The message was absurd and repugnant and so plain dumb that it felt like a bad skit.
Except this wasn’t a comedy. Wasn’t even remotely funny.
The latest NFL controversy — a daily occurrence, it seems — comes courtesy of former Vikings star Cris Carter, who told a roomful of NFL rookies at a league-sanctioned symposium last year that they need a “fall guy” in their “crew” to take the collar should their behavior turn criminal.
Again, he wasn’t joking. He was dead serious. He even wore his Hall of Fame jacket as he lectured the rookies about the importance of finding a scapegoat for legal trouble.
“If you’re going to have a crew,” Carter boasted, “one of them fools got to know he’s going to jail. We’ll get him out.”
Video of Carter’s talk surfaced this weekend.
Where? On the NFL’s own website. Apparently, the video had been there for more than a year.
Let’s put that in a different context.
Imagine you take a new job. You’re excited, maybe a little nervous. You’re eager to learn.
At an orientation for new hires, the company invites a guest speaker who worked there previously to address the group. He was a star employee once. You respect his insight.
As part of his speech, the former employee encourages you to get a “fall guy” who is willing to take the rap if you find trouble. The company then keeps a video of that training session on its website for an entire year.
Sound ludicrous? Of course it is.
The NFL never pretends to operate in the same manner as other corporations, but Carter’s flapdoodle and the league’s weird decision to post that video is shameful on so many levels.
Not surprisingly, the league pulled the video down and issued a statement condemning Carter’s words once the story went viral Sunday.
What the league didn’t divulge is why it left the video on its website for more than a year. Was that just an unfortunate oversight, or did it become disgusted only once it mushroomed into a controversy?
Carter issued his own apology Monday, saying the “video has made me realize how wrong I was. I was brought there to educate young people and instead I gave them very bad advice. Every person should take responsibility for his own actions. I’m sorry, and I truly regret what I said that day.”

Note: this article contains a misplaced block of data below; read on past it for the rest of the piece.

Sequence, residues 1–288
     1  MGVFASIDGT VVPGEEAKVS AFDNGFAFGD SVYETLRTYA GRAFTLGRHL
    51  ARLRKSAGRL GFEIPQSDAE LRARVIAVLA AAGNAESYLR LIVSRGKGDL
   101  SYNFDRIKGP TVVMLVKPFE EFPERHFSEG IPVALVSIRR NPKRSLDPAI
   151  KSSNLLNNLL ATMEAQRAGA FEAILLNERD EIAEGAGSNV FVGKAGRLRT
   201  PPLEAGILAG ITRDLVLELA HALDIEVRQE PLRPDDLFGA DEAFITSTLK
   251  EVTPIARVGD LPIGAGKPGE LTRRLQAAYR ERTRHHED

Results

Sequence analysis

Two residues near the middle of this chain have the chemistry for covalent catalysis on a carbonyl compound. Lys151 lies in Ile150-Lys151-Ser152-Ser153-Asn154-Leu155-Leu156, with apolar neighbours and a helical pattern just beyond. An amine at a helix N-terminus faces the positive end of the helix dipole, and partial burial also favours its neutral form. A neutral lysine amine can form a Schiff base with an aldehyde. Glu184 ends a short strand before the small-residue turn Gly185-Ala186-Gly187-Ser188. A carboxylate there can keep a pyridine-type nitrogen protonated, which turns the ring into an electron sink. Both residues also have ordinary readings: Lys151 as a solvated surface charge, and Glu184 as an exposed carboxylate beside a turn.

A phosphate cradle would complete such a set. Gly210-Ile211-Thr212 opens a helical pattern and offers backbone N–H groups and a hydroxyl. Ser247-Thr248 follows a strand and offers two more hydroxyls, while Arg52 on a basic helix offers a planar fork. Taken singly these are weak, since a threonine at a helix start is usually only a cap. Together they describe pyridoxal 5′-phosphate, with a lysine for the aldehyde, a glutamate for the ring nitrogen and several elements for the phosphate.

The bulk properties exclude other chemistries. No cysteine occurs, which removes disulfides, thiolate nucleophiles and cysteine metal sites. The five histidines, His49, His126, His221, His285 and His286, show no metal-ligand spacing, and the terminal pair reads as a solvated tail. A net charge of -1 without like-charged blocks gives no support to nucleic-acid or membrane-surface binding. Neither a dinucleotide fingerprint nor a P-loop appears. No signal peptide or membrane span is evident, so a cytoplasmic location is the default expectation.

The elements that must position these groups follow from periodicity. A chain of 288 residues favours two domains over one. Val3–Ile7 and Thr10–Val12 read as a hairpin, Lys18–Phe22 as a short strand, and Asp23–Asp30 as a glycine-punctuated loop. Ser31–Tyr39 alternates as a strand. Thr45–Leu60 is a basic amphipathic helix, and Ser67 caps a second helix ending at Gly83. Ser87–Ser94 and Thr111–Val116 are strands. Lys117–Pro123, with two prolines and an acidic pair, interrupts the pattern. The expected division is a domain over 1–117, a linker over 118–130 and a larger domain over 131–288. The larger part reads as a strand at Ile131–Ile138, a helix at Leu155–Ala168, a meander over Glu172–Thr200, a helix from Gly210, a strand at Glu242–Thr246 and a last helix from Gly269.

Know who deserves an apology more than anyone? Teddy Bridgewater.
In the video, Carter invites the Vikings quarterback on stage to make his point about finding a fall guy.
Watch the video. Bridgewater looks uncomfortable throughout the quick exchange. His body language suggests he wishes he could be anywhere else but that exact spot at that moment.
By first impressions, Bridgewater doesn’t need a fall guy. He’s done nothing but conduct himself with class and maturity since arriving in Minnesota.
Carter’s message represented a warped sense of priorities, and it surfaced at a time when the NFL’s image and precious “shield” can’t look any more tarnished.
Commissioner Roger Goodell has lost all credibility with players for his penchant in applying inconsistent punishment and ruling in the manner of judge, jury and executioner.
Incredibly, Goodell has turned football inflation levels into World War III against Tom Brady and the New England Patriots. The commissioner’s overreaction landed that case in federal court and further exposed Goodell as a leader drunk on his own power.
The NFL has become a magnet for nonsensical drama, and now this Carter incident represents more of the same.
Carter, remember, issued a seething rebuke of Adrian Peterson during his child-abuse case last season, campaigning for Peterson to be “taken off the field.”
Carter showed a different side of himself in that video snippet at the rookie seminar. It wasn’t a good look.
Nobody is perfect, of course. We all make mistakes. NFL players will get into trouble, just like people in all walks of life.
Carter’s own playing career serves as a powerful example. He conquered personal demons that threatened his career. He turned his second chance into a Hall of Fame career. He’s a success story in that regard.
Hopefully, he shared that message, too. Because that lesson is infinitely more valuable than the garbage he spewed to a bunch of impressionable rookies.